'Hyde Park on Hudson' is fine if you don't dig deep

ltoppman@charlotteobserver.comJanuary 3, 2013 

Laura Linney stars as Daisy and Bill Murray stars as Franklin D. Roosevelt in Focus Features International's "Hyde Park on the Hudson."


  • Hyde Park on Hudson B- Cast: Bill Murray, Laura Linney, Samuel West, Olivia Colman, Elizabeth Marvel Director: Roger Michell Website: Length: 1 hour, 34 minutes Rating: R (brief sexuality)

The title “Hyde Park on Hudson” tells you the main thing you need to know: The most important character is a household. President Franklin D. Roosevelt, his mistresses and the King and Queen of England pop up in different rooms, but not one of them is more than a supporting character in this atmospheric, well-acted, pointless story.

At first, the film seems to be about shy, lonely Daisy (Laura Linney), a distant cousin of FDR’s who lives in Duchess County, N.Y., near his country home. FDR’s mother invites Daisy over to “cheer up” her son, who takes her riding in his open-topped car and eventually adds her to his string of carnal conquests.

Then King George VI and Queen Elizabeth (Samuel West and Olivia Colman) arrive to seek FDR’s support – and, by extension, America’s financial backing – for Britain’s imminent war against the Nazis. (The movie never specifies a time, but it’s set in the summer of 1939. In real life, their majesties had already spent time in Washington, D.C., with the Roosevelts.)

Then FDR’s secretary (Elizabeth Marvel) becomes prominent, as she reveals that her boss’ needs must be met by multiple women – herself included. Finally, Daisy listlessly takes center stage again.

Director Roger Michell (“Morning Glory”) and writer Richard Nelson (whose other film feature is the 1993 “Ethan Frome”) keep the tone light, declining to dig under any of the character’s skins.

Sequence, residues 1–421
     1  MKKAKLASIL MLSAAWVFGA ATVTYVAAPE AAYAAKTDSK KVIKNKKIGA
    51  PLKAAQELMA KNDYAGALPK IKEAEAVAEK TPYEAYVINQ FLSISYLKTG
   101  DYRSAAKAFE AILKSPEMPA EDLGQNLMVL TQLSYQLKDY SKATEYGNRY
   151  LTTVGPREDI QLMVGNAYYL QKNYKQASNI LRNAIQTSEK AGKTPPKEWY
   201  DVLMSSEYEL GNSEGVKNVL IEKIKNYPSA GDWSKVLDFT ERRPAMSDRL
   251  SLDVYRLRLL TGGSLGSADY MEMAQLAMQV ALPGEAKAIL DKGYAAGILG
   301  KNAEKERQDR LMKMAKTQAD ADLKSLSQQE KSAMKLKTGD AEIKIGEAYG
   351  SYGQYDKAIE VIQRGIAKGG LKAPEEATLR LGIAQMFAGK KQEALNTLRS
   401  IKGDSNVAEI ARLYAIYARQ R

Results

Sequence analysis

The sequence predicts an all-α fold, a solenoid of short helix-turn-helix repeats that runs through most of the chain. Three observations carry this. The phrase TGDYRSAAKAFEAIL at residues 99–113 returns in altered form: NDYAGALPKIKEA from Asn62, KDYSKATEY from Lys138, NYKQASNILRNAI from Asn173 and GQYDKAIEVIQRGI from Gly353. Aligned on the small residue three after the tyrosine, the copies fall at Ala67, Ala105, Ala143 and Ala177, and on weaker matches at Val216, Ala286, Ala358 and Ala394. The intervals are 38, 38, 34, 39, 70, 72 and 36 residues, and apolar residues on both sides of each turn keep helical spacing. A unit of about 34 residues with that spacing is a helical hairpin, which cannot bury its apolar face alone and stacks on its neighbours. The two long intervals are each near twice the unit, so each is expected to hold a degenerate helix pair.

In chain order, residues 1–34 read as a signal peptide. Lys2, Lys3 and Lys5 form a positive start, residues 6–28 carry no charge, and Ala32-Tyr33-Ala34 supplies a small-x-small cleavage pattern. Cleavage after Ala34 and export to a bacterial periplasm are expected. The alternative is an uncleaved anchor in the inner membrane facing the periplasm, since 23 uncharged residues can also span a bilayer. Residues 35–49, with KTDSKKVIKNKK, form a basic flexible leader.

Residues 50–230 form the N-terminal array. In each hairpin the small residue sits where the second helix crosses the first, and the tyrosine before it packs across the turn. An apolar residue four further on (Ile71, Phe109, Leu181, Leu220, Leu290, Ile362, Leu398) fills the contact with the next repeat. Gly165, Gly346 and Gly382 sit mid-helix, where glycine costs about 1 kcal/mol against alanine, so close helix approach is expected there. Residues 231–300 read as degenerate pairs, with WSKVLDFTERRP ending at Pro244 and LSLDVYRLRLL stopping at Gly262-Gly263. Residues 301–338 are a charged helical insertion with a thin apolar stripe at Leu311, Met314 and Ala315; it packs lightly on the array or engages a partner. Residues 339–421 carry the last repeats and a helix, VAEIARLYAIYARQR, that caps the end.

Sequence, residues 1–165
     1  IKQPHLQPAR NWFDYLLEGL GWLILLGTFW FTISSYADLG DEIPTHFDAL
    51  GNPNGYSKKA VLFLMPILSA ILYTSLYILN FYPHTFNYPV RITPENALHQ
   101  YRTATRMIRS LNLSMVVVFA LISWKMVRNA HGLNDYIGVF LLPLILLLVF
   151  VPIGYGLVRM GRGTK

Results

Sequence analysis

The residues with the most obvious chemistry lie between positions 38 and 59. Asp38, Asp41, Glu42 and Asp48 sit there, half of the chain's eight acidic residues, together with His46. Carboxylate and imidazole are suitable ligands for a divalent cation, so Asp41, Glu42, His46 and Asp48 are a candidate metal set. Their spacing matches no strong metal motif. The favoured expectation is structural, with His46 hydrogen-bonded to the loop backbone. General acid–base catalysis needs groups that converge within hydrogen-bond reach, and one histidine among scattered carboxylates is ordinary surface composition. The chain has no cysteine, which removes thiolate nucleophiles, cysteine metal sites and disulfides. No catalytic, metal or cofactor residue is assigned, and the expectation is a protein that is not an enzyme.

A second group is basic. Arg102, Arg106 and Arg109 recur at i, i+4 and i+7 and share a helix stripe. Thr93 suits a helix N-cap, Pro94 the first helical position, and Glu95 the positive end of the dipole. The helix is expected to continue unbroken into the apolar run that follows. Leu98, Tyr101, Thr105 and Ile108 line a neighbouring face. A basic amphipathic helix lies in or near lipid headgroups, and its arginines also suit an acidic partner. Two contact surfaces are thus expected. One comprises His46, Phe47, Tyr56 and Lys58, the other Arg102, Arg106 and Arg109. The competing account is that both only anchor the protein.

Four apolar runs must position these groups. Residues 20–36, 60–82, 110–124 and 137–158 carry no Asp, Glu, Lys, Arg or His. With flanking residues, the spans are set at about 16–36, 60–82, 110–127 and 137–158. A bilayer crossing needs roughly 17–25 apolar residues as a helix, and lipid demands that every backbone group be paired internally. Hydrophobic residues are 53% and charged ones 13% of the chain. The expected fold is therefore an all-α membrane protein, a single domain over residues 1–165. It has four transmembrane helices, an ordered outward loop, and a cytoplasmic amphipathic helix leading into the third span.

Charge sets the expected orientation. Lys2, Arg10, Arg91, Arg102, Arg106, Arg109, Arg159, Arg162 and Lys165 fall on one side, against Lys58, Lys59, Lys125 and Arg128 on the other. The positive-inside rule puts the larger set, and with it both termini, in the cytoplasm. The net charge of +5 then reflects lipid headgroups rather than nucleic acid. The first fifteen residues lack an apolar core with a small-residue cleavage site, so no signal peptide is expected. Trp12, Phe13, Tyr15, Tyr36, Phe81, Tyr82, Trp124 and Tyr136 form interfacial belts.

FDR remains an avuncular philanderer, at ease with the humble and the great. For the first time in 35 years onscreen, Bill Murray completely loses himself in a character: He captures FDR’s toothy smile, insouciant manner and canny ability to size others up, but he’s never given a chance to vary this light, jovial tone.

George and Elizabeth begin as twits, giving limp royal waves on a country road to tractor drivers who don’t look their way. They whine about decorations on a bedroom wall – propaganda cartoons from the War of 1812 that mock the British – and sniff at the prospect of eating hot dogs and seeing Indians beat tom-toms. (We are repeatedly asked to laugh at their upper-crust pronunciation of “hawt dawgs.”) The movie eventually humanizes them, but they’re still caricatures.

If you ponder the film for more than a few minutes, it reveals a weird, pathetic side.

FDR’s mom pimps for her son: She knows everything that goes on at Hyde Park, so she must know she’s leading Daisy into his bed. Eleanor Roosevelt, FDR’s wife, is implicitly a lesbian jealous of her husband’s sexuality. (And Olivia Williams is too good-looking to play this homely lady.)

Whether America ought to back England against Hitler depends less on the prospects for western civilization than on whether George VI turns out to be a decent guy. Daisy believes being one of FDR’s cling-ons is better than any other life she’s likely to get; I think we’re supposed to be cheered by this, but I wasn’t.

On the other hand, why think? The film bounces jauntily along, never less than handsome to look at, and the actors all do fine jobs. The women are especially poignant or funny, with Linney leading the way as a wallflower given a chance to bloom. But a movie about any of these people in depth would have been more compelling.

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